Hidden in Plain Sight:
The Material World of Early Springfield


Cut glass tumblers and wine glass

c. 1825-50
Recovered from Edwards Place privy
Collection of the Illinois State Museum

Glass became more readily available in America during the second quarter of the 19th century. Protective tariffs encouraged domestic industry, including glassmaking, while an influx of skilled immigrant laborers provided the manpower to run large glasshouses. This glassware is typical of the refined tableware being produced in Pittsburgh and exported through the Ohio River Valley. It was readily available and reasonably affordable.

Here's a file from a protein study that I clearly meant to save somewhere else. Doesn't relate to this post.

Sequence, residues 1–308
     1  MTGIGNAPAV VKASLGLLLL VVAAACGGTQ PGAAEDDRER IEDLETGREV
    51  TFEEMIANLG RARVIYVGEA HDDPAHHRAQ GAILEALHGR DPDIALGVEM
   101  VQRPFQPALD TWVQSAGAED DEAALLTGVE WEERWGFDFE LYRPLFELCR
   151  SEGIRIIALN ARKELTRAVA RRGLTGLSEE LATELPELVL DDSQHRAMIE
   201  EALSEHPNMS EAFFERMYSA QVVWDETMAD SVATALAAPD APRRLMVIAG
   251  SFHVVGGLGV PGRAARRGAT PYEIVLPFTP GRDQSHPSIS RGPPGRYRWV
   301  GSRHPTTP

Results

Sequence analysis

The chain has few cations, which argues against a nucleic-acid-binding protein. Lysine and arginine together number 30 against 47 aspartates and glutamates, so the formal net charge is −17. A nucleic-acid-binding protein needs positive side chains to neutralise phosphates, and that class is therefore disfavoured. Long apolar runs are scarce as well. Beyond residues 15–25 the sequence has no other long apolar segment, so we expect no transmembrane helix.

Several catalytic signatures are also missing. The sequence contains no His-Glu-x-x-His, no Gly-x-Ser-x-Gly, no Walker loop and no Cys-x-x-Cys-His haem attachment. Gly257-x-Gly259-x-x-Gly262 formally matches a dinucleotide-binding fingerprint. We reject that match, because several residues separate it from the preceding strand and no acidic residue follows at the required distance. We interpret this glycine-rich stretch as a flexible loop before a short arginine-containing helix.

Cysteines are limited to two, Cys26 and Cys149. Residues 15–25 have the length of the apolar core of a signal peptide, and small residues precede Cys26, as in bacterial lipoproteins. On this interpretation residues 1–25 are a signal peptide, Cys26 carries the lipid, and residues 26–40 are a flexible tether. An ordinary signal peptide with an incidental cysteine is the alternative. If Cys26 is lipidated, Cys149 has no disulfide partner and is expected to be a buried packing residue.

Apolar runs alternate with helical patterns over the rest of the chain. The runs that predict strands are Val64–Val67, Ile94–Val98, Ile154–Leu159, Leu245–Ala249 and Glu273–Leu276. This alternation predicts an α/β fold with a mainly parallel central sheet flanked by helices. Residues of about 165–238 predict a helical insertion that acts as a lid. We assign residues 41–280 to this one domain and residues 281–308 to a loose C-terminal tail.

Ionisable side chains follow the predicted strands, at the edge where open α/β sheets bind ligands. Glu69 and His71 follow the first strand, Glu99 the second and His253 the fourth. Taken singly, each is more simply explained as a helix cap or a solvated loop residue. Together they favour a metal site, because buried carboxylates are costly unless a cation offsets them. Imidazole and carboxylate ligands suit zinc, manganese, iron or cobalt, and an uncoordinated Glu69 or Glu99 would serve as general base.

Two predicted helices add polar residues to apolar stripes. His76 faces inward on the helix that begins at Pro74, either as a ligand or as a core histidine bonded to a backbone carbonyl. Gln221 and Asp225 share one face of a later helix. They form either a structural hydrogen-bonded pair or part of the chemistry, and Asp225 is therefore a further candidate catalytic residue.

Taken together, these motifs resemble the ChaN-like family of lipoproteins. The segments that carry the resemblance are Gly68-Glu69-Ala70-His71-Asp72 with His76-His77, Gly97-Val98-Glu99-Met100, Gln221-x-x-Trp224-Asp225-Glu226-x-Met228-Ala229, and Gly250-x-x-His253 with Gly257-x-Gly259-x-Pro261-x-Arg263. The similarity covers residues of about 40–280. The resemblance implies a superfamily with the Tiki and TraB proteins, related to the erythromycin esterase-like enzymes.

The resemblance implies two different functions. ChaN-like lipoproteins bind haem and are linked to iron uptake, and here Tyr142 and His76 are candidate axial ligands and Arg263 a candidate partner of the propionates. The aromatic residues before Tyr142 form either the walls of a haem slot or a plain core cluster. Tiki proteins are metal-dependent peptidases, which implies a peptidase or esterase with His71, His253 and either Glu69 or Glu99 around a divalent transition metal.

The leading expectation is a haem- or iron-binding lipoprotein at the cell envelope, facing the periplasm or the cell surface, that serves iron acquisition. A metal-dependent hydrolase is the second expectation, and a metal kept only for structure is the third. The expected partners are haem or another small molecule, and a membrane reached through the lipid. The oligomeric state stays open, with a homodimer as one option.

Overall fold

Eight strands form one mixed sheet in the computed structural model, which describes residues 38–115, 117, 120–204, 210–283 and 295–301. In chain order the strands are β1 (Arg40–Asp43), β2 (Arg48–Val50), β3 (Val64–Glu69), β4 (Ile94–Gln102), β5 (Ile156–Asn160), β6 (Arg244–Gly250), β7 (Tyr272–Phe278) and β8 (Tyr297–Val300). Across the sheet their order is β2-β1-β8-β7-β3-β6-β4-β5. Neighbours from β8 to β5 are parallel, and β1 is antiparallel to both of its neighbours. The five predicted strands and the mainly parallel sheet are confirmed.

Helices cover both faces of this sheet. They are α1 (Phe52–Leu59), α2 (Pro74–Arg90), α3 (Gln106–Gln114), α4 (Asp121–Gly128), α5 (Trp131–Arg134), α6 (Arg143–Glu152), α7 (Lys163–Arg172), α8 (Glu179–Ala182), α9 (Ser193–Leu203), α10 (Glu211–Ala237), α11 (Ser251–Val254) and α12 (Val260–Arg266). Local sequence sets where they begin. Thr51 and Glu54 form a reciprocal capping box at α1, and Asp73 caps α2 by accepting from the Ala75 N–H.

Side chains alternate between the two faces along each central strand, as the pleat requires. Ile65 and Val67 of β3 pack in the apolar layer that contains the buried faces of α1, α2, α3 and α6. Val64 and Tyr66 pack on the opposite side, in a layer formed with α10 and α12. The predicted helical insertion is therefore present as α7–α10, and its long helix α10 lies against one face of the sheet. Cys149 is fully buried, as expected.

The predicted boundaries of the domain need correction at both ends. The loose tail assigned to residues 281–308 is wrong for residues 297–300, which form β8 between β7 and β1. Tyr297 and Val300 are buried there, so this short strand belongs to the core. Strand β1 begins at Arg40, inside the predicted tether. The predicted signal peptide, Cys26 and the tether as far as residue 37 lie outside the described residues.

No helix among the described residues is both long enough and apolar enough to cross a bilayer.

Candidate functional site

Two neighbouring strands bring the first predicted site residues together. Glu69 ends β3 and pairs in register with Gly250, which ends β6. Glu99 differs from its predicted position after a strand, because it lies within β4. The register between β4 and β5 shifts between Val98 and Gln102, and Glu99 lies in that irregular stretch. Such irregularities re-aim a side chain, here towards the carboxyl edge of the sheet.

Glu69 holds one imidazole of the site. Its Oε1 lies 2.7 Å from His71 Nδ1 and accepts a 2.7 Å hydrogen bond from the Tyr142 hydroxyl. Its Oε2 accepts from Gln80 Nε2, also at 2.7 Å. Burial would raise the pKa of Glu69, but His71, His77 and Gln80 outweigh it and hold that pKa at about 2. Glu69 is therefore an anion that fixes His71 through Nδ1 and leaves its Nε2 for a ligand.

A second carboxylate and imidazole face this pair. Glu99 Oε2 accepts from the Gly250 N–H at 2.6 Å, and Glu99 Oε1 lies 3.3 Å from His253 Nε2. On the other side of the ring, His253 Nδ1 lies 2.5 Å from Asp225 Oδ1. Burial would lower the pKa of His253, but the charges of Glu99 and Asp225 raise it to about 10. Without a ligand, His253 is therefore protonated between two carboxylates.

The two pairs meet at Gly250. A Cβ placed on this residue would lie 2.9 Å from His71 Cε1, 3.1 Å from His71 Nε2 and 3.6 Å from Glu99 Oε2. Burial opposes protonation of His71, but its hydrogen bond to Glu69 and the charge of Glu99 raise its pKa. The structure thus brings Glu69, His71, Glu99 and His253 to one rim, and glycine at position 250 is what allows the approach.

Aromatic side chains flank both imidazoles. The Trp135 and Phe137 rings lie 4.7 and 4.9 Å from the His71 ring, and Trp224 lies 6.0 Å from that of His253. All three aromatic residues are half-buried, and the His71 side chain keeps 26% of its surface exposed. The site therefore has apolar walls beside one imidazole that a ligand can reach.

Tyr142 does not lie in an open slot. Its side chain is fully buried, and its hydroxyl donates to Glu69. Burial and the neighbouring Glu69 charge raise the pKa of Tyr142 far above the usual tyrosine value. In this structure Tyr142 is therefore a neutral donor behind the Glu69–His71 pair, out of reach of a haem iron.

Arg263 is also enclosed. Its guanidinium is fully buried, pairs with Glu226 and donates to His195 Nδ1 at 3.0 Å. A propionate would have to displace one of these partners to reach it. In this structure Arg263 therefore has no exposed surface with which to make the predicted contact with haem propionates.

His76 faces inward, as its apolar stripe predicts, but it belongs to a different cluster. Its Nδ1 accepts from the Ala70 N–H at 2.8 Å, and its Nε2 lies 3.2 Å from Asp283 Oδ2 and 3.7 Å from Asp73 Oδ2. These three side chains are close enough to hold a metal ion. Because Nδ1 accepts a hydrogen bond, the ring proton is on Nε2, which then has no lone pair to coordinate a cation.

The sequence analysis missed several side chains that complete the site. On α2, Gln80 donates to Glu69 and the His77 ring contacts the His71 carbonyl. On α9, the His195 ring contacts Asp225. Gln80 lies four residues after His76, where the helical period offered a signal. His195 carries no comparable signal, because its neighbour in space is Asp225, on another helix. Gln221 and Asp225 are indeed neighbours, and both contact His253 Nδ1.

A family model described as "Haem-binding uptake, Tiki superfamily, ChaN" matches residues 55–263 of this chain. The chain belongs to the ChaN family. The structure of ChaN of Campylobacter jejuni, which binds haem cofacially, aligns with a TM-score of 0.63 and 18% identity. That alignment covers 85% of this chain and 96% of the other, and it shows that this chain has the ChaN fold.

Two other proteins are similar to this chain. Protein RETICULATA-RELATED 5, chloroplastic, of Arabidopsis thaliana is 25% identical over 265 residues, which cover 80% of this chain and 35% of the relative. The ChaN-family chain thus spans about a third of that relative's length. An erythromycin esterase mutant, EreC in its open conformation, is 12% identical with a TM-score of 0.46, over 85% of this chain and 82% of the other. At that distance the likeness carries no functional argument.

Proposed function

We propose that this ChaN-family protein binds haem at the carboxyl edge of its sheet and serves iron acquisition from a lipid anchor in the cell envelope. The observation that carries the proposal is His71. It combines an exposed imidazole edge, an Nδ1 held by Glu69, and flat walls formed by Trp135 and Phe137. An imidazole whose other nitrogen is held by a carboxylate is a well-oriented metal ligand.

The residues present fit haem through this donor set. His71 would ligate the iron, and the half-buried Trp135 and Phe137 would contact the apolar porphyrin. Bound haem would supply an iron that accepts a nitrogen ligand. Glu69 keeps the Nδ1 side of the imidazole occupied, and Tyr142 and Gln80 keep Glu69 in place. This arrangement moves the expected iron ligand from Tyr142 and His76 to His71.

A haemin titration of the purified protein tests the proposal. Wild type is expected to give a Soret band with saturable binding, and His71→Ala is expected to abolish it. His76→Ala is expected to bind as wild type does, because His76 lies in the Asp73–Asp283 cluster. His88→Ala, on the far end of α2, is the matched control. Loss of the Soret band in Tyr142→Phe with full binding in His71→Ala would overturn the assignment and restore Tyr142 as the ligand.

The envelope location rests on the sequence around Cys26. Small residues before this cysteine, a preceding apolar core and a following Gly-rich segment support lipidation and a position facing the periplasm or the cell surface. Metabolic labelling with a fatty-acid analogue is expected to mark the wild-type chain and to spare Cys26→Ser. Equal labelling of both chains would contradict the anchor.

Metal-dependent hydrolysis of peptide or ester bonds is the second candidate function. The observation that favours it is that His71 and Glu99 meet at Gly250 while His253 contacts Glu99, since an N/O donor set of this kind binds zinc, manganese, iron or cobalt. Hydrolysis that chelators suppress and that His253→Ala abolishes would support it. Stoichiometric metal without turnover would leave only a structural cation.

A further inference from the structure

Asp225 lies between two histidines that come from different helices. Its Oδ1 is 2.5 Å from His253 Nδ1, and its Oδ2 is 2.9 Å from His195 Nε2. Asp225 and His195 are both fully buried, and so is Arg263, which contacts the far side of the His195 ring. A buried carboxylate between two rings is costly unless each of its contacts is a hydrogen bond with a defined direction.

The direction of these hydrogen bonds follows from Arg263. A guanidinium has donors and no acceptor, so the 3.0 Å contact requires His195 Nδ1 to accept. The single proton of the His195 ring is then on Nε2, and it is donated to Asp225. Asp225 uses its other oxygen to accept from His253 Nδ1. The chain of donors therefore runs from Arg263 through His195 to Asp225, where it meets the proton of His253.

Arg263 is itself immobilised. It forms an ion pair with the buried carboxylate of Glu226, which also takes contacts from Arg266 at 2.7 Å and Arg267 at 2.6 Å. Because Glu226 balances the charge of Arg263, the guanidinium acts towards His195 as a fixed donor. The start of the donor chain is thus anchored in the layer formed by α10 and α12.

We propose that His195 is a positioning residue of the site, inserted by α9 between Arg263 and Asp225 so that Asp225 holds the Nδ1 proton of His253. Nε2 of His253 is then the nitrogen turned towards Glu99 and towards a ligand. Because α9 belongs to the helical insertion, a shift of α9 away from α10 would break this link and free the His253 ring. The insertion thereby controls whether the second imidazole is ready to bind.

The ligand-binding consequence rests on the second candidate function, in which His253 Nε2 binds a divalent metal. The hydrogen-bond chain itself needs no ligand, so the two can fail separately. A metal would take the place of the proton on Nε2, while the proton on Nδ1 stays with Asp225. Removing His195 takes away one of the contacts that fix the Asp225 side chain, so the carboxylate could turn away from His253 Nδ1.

Tumblers were by far the most common drinking glasses, used to serve beer, ale, and occasionally wine or whisky. Fragments of more than a dozen tumblers were recovered from the Edwards Place privy, suggesting its occupants did a lot of entertaining.